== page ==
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2. Some history

The origins of n-dimensional geometry have many roots. One stimulus to the development of n-dimensional geometry was the general ferment that resulted from the realization that Euclid's  5th postulate was independent of his other postulates. As unintuitive as the possibility initially seemed, there was a plane geometry which stood on an equal mathematical basis to Euclidean geometry and in which given a point P not on a line l, there were infinitely many lines through P parallel to l. The attention that the geometry developed by Janos Bolyai and Nicholai Lobachevsky fostered resulted in many attempts to put geometry into a broader context. Geometry did not end with the tradition handed down via Euclid's Elements and the analytical geometrical ideas that algebratized what Euclid had done.

There appears to be some consensus that it was Arthur Cayley (1821-1895), a British mathematician who earned a living by being a lawyer, who first called attention to the need for a systematic study of the properties of geometry in n dimensions. Cayley did this work partly in connection with his efforts to understand the relationships between Euclidean ideas and projective geometry.

A picture of Arthur Cayley

Another pioneer in the study of higher dimensions was Alicia Boole Stott (1860-1940). She was the daughter of George Boole (1815-1864), whose name gave rise to Boolean Algebra.

A picture of Alicia Boole Stott

Stott showed that there were 6 regular polyhedra in 4-dimensional space and made physical models related to her work. It turns out there are infinitely many regular polyhedra in 2 dimensions (the regular polygons), 5 in 3 dimensions, 6 in 4 dimensions, and only 3 in dimensions higher than four. This result shows only one of very many ways that 4-dimensional space is special.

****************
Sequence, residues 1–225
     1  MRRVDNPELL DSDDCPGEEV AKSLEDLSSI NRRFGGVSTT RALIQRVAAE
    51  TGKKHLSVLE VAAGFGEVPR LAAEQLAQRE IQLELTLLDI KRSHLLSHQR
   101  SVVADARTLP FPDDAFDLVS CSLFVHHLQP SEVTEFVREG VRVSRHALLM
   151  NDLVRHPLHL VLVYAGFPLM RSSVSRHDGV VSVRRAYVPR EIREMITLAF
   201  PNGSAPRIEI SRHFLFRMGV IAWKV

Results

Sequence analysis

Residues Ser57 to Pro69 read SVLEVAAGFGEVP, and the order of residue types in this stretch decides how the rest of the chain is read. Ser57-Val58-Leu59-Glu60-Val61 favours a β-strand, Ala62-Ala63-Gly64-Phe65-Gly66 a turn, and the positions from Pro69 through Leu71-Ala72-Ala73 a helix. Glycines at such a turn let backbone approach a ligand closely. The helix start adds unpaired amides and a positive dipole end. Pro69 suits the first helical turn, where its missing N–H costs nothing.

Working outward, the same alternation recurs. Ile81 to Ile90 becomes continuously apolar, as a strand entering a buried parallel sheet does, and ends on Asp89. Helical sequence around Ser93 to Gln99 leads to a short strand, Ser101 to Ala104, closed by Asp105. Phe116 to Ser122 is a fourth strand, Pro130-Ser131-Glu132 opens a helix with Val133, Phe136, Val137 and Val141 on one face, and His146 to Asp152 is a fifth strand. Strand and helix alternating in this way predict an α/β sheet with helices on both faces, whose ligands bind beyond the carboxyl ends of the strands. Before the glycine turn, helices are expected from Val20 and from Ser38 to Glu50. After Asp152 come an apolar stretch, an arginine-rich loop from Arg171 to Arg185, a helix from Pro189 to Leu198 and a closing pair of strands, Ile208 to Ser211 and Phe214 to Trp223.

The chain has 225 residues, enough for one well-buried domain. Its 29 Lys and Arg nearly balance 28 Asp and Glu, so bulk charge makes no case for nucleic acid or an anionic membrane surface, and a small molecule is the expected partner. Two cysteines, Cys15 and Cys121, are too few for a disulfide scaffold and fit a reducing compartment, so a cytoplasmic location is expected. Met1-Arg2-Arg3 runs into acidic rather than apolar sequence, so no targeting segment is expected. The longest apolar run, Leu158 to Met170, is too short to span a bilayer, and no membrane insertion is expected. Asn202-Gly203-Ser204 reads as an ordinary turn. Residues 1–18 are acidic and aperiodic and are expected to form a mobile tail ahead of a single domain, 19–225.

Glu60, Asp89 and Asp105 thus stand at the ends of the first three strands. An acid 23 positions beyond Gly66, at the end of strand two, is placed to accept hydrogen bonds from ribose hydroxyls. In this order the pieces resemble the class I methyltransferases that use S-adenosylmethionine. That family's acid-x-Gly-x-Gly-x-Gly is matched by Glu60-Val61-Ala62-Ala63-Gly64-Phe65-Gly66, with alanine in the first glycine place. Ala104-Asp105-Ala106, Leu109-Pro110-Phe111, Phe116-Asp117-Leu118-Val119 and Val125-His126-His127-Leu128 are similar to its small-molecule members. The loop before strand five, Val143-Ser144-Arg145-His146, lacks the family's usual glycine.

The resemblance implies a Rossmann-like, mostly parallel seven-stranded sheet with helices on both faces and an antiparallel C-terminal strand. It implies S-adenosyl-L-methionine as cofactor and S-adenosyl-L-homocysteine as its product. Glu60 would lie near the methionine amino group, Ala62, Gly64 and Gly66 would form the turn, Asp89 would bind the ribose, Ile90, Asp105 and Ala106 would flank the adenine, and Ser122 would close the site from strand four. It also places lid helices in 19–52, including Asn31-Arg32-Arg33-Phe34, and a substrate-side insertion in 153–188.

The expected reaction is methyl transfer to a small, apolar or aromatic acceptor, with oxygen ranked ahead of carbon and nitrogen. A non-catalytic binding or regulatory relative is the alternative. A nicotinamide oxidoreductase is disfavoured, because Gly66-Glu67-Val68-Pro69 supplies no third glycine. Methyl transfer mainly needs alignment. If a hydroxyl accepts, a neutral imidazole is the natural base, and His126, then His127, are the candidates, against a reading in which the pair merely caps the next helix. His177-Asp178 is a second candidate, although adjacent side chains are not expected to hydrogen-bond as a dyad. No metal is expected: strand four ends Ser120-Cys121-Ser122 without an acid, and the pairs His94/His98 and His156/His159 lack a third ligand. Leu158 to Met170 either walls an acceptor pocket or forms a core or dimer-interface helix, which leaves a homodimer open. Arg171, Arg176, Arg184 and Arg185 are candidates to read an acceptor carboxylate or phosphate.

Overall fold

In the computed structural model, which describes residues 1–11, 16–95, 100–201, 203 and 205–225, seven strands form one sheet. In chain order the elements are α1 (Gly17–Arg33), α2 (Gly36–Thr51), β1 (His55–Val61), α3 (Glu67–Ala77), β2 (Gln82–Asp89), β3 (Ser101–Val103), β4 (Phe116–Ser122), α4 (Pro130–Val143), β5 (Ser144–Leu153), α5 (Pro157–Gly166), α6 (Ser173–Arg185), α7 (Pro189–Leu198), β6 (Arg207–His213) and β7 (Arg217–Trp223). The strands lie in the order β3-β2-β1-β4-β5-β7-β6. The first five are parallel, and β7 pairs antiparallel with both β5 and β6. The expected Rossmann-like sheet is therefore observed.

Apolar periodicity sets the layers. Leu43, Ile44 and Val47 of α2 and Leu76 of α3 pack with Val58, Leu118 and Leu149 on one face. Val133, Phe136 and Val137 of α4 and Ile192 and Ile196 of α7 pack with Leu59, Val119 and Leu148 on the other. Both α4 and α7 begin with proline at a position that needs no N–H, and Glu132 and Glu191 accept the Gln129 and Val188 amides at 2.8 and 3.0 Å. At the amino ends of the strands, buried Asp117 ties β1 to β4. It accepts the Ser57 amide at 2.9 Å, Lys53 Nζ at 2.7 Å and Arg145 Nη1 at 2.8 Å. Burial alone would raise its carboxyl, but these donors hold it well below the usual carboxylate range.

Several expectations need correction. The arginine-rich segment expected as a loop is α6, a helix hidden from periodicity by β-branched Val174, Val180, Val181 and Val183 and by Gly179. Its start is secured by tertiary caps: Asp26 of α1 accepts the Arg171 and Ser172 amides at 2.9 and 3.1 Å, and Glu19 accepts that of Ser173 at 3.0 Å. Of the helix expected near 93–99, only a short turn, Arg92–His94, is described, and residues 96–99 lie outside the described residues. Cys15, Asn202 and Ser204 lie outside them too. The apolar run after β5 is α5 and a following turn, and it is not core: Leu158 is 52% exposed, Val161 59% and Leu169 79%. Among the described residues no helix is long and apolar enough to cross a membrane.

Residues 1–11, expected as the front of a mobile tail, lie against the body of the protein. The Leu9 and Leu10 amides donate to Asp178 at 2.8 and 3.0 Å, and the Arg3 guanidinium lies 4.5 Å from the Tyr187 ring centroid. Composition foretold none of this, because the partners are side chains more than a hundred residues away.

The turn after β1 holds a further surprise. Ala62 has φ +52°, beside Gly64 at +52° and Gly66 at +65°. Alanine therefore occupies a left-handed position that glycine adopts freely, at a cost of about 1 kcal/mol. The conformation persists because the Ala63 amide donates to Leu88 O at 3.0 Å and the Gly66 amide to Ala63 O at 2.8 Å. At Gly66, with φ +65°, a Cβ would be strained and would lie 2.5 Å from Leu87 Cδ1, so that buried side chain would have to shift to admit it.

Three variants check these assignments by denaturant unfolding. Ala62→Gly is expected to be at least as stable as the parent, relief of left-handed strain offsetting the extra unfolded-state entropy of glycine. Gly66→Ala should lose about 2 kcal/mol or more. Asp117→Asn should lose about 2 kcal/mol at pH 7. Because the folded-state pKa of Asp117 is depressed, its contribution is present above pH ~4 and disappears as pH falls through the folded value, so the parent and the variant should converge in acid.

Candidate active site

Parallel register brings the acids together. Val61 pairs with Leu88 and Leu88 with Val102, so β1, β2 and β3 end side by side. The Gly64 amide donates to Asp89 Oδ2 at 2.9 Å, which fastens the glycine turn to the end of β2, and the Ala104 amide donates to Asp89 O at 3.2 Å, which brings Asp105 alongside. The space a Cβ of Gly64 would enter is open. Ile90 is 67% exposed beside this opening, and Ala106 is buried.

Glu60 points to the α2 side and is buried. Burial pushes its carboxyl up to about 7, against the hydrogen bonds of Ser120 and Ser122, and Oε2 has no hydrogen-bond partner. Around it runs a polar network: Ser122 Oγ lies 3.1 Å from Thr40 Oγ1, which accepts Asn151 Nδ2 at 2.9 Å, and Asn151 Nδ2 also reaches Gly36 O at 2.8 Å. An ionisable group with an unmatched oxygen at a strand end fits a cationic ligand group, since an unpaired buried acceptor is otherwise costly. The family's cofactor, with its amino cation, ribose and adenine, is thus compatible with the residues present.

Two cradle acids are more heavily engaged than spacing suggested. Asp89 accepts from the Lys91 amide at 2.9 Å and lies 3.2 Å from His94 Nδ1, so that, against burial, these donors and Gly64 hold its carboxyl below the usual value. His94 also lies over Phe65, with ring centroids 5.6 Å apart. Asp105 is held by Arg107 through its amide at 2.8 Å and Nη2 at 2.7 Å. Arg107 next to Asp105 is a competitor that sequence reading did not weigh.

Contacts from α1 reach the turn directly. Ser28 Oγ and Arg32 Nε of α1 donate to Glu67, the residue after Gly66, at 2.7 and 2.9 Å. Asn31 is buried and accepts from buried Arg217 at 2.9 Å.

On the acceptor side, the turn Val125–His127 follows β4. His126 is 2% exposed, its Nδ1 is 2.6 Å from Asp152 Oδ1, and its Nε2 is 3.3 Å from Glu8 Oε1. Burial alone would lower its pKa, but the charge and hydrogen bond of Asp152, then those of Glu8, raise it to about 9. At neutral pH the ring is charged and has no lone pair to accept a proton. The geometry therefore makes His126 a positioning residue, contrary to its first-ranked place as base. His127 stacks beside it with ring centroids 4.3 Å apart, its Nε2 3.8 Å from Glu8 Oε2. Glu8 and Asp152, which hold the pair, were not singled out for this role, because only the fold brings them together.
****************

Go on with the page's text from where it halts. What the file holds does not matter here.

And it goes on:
One classic on the geometry of n dimensions is the book by D.M.Y. Sommerville (1879-1934), Introduction to Geometry of n Dimensions, written in 1929. Sommerville was born in India, educated in Scotland, and spent a large part of his career in New Zealand! He did work on plane tilings and higher dimensional polyhedra. Among geometers he is perhaps best known for the Dehn-Sommerville Equations, which are a collection of linear equations satisfied by the faces of ann-dimensional polytope with n edges at every vertex.

  1. Introduction
  2. Some history
  3. The 3-dimensional cube
  4. Combinatorial perspectives on cubes
  5. A recursive way of constructing cubes
  6. Cube puzzles
  7. Symmetries of the cube
  8. The Sharir-Ziegler cube
  9. References

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